For Alice Zaslavsky, the joys of specialty coffee are associated with a strong sense of nostalgia and community. From sentimental memories shared over a freshly brewed cup to fond memories where the wider coffee community have shared their expert knowledge, coffee is much more than the fuel behind her day-to-day activity.


When reflecting on moments where coffee contributed to a sensory overload, Alice is immediately drawn to the memory of her pregnancy with daughter, Hazel. With her sense of smell heightened, Alice was captivated by the layers and complexity of each morning cup, a curiosity which Hazel has funnily enough adopted and still carries today.


Today, making coffee at home is very family oriented at the Zaslavsky household. Between Alice and her husband, Nick making their morning espresso, Hazel is eager to contribute by grinding beans with a hand grinder and ensuring she gets a whiff of the final cup, absorbing the different layers of the aroma.


“[Hazel] absorbed the smell of coffee through my pores. Whenever I now drink coffee, she wants to have a smell”


Sharing plenty of common interests with her husband, Nick, enjoying specialty coffee is a passion that they still explore today. From their early days of dating, the pair would enjoy a weekly ritual of venturing to Queen Vic Markets to purchase local produce before winding down over a coffee from Market Lane. Holding this tradition dear for the entirety of their time living in Melbourne, it only made sense to incorporate their ritual of exploring and enjoying quality produce into their wedding photoshoot.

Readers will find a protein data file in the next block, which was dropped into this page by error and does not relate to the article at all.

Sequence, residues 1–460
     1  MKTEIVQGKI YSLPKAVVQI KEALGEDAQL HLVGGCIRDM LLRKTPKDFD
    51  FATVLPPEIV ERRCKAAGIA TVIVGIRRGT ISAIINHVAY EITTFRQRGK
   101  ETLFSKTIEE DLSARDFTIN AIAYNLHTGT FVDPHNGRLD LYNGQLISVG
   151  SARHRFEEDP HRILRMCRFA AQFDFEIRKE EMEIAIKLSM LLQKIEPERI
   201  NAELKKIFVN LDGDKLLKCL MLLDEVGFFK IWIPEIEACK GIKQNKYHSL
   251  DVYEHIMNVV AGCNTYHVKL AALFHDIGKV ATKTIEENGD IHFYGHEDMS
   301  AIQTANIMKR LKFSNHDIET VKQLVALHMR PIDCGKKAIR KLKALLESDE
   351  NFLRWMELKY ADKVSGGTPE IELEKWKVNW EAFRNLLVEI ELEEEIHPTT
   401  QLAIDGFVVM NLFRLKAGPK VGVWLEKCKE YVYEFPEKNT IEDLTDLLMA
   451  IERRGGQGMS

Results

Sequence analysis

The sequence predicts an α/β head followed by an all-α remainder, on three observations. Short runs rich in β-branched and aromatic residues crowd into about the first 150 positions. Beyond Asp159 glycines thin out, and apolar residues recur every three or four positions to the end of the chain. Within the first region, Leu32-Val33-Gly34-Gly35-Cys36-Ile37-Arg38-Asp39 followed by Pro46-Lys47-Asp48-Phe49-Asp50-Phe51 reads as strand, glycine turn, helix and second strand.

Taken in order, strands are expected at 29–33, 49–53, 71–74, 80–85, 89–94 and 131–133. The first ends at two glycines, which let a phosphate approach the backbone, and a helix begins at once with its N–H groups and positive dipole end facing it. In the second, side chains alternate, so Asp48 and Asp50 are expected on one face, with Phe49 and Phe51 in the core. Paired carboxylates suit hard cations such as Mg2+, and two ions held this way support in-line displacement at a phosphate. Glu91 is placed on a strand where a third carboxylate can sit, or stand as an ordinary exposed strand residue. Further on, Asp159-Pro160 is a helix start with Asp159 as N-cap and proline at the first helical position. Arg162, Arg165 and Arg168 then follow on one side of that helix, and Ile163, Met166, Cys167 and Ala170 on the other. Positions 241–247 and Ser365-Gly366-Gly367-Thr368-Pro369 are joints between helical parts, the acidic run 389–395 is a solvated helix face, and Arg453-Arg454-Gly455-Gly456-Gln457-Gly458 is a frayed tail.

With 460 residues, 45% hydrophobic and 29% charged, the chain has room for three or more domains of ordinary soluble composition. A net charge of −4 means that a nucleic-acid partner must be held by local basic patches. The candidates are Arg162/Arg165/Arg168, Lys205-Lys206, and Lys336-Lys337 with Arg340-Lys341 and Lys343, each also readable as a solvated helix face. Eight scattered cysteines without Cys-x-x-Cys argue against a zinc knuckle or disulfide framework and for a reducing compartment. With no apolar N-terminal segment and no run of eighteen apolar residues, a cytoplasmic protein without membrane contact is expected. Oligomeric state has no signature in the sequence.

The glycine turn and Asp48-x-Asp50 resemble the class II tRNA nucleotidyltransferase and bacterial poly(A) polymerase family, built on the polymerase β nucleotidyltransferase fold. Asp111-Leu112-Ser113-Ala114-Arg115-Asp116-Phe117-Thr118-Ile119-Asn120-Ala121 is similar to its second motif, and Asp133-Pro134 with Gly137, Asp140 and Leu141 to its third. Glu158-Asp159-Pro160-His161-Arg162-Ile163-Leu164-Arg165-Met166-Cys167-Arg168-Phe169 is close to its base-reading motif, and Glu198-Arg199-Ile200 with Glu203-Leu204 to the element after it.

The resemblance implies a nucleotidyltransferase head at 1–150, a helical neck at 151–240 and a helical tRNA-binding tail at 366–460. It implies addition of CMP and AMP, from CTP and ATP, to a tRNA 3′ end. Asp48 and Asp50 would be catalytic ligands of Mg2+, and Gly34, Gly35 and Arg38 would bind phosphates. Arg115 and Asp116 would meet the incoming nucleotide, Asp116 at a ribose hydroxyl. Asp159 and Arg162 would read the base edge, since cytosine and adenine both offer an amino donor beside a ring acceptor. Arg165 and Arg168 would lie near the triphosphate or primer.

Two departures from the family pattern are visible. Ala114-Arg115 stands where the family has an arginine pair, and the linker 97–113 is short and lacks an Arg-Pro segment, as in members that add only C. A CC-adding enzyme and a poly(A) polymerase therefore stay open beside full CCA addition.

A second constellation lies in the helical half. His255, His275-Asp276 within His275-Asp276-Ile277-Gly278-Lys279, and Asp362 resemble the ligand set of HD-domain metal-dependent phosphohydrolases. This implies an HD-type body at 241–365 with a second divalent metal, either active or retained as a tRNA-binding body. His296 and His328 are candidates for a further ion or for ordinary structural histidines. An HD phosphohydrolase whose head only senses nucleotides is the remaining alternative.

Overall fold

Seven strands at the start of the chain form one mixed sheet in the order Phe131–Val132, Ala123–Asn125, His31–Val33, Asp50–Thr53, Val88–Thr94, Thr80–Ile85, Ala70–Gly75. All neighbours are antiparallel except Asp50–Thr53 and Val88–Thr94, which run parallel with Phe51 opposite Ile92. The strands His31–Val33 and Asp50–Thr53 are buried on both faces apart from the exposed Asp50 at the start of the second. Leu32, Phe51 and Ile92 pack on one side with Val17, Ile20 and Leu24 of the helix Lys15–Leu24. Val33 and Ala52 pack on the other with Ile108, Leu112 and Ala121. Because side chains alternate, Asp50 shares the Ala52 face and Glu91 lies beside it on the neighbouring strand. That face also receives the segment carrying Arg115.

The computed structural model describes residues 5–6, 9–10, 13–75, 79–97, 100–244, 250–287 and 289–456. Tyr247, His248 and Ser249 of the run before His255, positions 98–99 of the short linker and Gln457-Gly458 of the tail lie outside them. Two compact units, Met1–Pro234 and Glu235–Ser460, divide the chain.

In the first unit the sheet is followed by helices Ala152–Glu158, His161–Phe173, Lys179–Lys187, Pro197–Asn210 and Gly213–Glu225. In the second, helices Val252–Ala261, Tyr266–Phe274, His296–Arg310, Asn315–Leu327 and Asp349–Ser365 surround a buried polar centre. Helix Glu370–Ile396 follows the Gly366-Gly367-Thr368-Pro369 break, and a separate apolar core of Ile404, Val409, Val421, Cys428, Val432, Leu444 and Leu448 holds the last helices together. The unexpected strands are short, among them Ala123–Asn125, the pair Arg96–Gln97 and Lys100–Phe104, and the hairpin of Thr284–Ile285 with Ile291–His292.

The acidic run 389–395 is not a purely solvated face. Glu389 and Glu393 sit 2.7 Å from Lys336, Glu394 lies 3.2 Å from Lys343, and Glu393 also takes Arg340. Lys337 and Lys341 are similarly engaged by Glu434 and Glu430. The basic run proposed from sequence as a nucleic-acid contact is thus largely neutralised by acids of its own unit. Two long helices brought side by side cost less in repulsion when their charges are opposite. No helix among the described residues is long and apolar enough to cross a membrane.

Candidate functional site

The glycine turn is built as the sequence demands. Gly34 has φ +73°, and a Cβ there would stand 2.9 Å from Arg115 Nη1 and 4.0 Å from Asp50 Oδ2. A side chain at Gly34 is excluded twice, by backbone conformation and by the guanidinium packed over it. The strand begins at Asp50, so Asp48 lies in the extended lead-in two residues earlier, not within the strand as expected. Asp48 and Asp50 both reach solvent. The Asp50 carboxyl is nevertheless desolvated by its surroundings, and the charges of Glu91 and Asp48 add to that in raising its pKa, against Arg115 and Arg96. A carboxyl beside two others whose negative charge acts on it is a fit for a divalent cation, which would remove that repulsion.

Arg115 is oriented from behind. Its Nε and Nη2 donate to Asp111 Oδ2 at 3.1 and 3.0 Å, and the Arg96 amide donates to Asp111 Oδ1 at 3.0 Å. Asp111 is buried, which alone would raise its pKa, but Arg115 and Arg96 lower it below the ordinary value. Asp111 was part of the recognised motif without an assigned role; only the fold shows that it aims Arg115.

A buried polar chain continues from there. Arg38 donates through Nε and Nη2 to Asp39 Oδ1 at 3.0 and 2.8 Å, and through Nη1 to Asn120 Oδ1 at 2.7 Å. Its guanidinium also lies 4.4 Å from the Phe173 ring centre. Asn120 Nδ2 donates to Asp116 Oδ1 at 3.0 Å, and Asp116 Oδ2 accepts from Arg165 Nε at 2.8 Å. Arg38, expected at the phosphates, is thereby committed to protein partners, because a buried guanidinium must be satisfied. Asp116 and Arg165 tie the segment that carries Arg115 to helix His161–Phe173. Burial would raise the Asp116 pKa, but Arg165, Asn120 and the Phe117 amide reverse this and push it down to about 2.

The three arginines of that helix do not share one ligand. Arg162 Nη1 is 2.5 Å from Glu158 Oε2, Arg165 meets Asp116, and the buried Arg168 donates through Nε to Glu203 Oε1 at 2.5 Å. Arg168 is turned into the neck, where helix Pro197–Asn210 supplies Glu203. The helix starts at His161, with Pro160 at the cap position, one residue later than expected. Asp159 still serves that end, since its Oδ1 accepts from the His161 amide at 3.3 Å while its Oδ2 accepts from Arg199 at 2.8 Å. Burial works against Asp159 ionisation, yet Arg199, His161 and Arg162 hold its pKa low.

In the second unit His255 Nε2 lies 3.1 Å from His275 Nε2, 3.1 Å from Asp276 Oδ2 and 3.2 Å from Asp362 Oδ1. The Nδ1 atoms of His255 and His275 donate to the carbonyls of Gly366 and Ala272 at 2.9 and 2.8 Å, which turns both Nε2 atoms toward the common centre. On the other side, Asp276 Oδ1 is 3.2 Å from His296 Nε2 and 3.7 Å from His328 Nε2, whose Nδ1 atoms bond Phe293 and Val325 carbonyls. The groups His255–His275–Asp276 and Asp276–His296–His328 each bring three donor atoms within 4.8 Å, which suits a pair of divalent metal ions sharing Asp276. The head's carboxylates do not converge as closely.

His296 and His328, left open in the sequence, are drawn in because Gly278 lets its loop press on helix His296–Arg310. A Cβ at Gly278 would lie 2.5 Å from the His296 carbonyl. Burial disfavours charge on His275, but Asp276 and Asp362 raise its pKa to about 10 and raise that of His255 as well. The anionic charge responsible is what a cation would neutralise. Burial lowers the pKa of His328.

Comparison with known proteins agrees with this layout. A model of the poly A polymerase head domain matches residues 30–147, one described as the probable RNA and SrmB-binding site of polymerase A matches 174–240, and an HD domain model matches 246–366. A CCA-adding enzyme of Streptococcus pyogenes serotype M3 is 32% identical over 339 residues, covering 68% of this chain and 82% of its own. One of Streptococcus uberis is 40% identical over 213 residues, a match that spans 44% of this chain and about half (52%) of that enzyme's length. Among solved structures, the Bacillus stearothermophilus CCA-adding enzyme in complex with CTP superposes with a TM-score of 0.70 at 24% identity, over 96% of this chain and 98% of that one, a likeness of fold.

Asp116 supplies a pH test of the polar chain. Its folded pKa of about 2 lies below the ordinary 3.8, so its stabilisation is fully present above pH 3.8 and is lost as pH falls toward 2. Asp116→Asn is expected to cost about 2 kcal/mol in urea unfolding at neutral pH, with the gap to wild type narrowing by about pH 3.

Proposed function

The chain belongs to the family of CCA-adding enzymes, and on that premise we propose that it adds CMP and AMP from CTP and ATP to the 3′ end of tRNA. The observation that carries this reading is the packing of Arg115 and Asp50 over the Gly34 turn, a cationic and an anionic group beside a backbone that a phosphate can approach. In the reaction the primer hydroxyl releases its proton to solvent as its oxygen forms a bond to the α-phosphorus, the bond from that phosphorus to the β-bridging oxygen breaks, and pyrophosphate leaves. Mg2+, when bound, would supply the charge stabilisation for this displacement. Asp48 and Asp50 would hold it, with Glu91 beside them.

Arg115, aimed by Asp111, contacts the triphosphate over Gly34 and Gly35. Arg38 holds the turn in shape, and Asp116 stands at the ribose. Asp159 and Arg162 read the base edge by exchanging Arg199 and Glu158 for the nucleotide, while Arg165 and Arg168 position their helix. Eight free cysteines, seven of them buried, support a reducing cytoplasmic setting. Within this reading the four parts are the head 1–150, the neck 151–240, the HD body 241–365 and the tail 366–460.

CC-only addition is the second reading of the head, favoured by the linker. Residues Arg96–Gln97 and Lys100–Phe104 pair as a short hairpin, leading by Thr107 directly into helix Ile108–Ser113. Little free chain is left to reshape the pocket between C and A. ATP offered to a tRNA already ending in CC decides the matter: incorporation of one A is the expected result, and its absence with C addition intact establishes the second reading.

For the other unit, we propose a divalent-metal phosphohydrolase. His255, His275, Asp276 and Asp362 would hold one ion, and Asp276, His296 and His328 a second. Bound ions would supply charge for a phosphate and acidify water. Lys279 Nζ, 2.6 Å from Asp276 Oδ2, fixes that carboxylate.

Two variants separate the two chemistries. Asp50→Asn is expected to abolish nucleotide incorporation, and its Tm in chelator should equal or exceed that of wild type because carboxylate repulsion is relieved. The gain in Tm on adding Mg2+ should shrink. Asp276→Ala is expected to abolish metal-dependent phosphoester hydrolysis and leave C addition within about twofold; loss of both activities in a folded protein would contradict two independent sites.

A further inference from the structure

Dressed in their wedding attire, the two made a point to stop by Queen Vic Market with their wedding photographer to relive their tradition, celebrate their love for food and even stop by Market Lane for their coffee tradition dressed to the nines.



“When we first started dating, we would head to Queen Vic market and stop by Market Lane for a coffee. As part of our wedding shoot, it only made sense to do the same thing in our finest.”


Led by her sense of curiosity, Alice shares that the warm and open nature of the coffee community led her to have such rich experiences. While identifying that Australian coffee culture has a strong identity of sharing moments over coffee, Alice’s excitement lies in the fact that there is a stronger sense of sharing knowledge within the coffee community, leading to endless conversations where one can learn about the farming, production, and brewing methods of their favourite cup.


Describing the community as a ‘passionate hive’, Alice’s understanding of various coffee varieties and the overarching bean to cup process was made possible by the close relationship she formed with her local barista. By simply asking questions about the type of coffee beans the café was using, Alice unearthed a relationship that would shape her understanding of the industry.


For those who may be hesitant about approaching their barista, the digital world has carried these open conversations on to forums, social media groups and even the pages of roasters and cafes, inviting the broader community to jump in and contribute to the conversation.


“There’s nothing like being involved in the hive of a community and feeding off each other.”


While coffee culture today is commonly associated with enjoying your coffee of choice on the go, Alice stresses the importance of not taking coffee and the ritual behind it for granted and using the time as an opportunity to connect with others or more importantly, yourself.


“The process of making a coffee and taking the time to enjoy it forces you to slow down and appreciate being in a meditative state.”


As lockdowns become a thing of the past, Alice reminds us that coffee has the power to play as the perfect icebreaker when meeting someone new or act as an excuse to lock eyes with  our nearest and dearest once again, whether it be in the comfort of our own kitchens or amongst the city’s bustling coffee scene.